@Stuart Van Onselen
"1) Shouldn't beancounters actually *love* snipers? Snipers use a ludicrous number of rounds when training, but far fewer in combat, making them cheaper in the long run. Maybe I have my facts wrong, or maybe beancounters are idiots. (Just ask the BOFH.)"
Re-read Lewis' article. Between wars, they shave costs by cutting the more intensive and costly training programs that are deemed "unneeded in peace time". Training snipers is very costly. Many standing armed forces don't keep up war-time numbers of snipers-in-training, in order to save money. I guess they figure there is enough time to train 'em after war breaks out, but before they are needed in the field. Fortunately, the USMC doesn't see it that way.
"2) But didn't Hathcock use a 50-cal, the very round you said caused potentially fatal shrapnel?"
Probably not. Although they played with mounting optics on Browning .50 MGs fired in single shot mode, that kinda gear is a trifle heavy for most Scout/Sniper work. Most snipers in the field back then used Winchester Model 70 chambered for 30-06. Kinda like the one in the gun cabinet over my right shoulder. Personally, I prefer the Remington Model 700 chambered for 308, sitting next to it, for long distance work when I have to lug the weapon around ... If I don't have to carry it more than a couple feet, the .416 Barret wins hands down.
Also remember that with any distance shooting, the bullet isn't following a flat trajectory. It is ballistic in nature, meaning you'd have an incoming bullet not only hit the center of the scope, but it would have to be as near as possible coming in at the same angle of the scope tube. So, in answer to your next question:
"Or were you drawing a distinction between "head shredded by flying bits of his own scope" on the one end, and "surgical shot leaving the scope barrel intact, like I saw in the movies, so it has to be true" on the other?"
The later is how the shot is described by the myth, not the former.
We fired a LOT of rounds, in a LOT of calibers, loaded for a LOT of velocities ranging from hot-handload at the muzzle, to the velocity at the extreme effective range of the weapon, according to standard ballistics charts. (We had over 5500 otherwise useless surplus scopes to play with, so we did ... If you are wondering, they failed calibration testing).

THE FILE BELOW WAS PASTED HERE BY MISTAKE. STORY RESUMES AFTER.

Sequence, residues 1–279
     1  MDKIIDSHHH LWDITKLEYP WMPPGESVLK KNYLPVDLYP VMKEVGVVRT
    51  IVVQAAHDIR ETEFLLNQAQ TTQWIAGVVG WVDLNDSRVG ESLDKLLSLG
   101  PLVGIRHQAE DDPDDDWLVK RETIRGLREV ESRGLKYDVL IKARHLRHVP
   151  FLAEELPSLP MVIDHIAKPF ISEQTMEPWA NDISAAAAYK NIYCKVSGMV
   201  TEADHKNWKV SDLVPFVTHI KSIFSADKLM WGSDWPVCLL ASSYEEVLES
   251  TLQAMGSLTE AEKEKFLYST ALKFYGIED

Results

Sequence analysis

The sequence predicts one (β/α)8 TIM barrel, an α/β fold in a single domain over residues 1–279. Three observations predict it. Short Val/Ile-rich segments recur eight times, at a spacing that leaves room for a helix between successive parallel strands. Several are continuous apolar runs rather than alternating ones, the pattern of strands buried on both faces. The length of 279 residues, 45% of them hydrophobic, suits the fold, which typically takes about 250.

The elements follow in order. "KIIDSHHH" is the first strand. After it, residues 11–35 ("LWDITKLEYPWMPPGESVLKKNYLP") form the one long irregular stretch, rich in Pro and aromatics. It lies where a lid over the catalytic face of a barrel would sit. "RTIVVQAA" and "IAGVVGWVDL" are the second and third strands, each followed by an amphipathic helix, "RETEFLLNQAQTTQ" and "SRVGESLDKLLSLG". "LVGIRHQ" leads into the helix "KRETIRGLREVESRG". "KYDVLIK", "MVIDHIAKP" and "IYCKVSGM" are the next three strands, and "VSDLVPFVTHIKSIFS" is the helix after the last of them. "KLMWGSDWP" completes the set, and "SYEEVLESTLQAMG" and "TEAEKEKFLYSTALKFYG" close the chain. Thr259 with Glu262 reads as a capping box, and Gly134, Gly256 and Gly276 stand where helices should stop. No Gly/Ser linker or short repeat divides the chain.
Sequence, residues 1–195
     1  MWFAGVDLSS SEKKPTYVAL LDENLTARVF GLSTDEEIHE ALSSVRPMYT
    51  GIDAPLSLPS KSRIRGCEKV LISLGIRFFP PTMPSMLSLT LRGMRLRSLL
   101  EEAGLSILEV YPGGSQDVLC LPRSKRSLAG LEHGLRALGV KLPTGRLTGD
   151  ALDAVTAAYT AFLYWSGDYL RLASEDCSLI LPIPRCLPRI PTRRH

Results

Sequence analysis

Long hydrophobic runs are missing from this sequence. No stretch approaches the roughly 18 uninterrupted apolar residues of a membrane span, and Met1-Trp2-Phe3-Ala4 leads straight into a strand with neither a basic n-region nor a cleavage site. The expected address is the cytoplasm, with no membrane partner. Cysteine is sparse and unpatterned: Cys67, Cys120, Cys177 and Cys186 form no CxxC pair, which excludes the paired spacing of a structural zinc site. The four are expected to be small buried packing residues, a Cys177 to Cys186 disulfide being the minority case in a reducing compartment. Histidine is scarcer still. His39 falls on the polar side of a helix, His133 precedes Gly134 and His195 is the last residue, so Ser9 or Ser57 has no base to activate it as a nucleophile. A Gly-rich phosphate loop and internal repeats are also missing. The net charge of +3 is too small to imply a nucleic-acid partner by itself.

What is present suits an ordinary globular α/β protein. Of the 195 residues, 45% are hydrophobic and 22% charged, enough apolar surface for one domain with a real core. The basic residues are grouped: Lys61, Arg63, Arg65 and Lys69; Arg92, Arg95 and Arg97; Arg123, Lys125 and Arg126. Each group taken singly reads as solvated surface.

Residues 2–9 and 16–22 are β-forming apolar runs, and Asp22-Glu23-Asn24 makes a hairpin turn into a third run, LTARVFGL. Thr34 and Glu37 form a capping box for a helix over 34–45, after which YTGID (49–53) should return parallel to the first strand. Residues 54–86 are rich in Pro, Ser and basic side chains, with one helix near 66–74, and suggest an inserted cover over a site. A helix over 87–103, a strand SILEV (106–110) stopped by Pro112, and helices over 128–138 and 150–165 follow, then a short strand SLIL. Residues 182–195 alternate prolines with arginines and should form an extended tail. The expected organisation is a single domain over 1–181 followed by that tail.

In all short range tests, we laser aligned the barrel and target scope before taking the shot. In the longer range tests with the heavier rifles, we fired a shot to find the true zero, then aligned the target scope to that.
Weapons ranged from some of those above, a Kimber .45 (my competition pistol), a couple TC Contenders, one in .30 Herret and one in 357 Herret, a S&W K-frame .38, a .22 magnum revolver, a High Standard .22lr (7 inch barrel), a bog-standard Winchester 30-06 rifle, a .44Mag Rugar carbine and matching Rugar revolver, a .50 black powder replica Kentucky, a highly customized .220 Swift, a .177 Bee, a 45-70 rolling block (Great Granpa's buffalo gun), a 12 guage with both deer slugs and buck shot ... There were others.
We captured a bunch of lead within the scope tubes. The only round that broke the actual eyepiece was the 20mm target load, at 50 yards ... but even then, it just broke the glass and didn't push any lead out the far end of the scope tube. It probably broke it from the initial impact. I'd like to run the experiment again, but with high speed video to get a better idea of the mechanics. Unfortunately, I don't have a stock of surplus scopes anymore.
And yes, to whoever asked, we used FMJ, hand cast lead (type and dive belt), and various mixtures of lead & "other", and a bunch of factory lead. All were handloaded, by us, and tested, by us. Is it possible we made a mistake, or missed something? Of course! We're only human.
But as far as I am concerned, it never happened as described. It's a myth.
HOWEVER, I'm enough of a realist to be shown otherwise :-)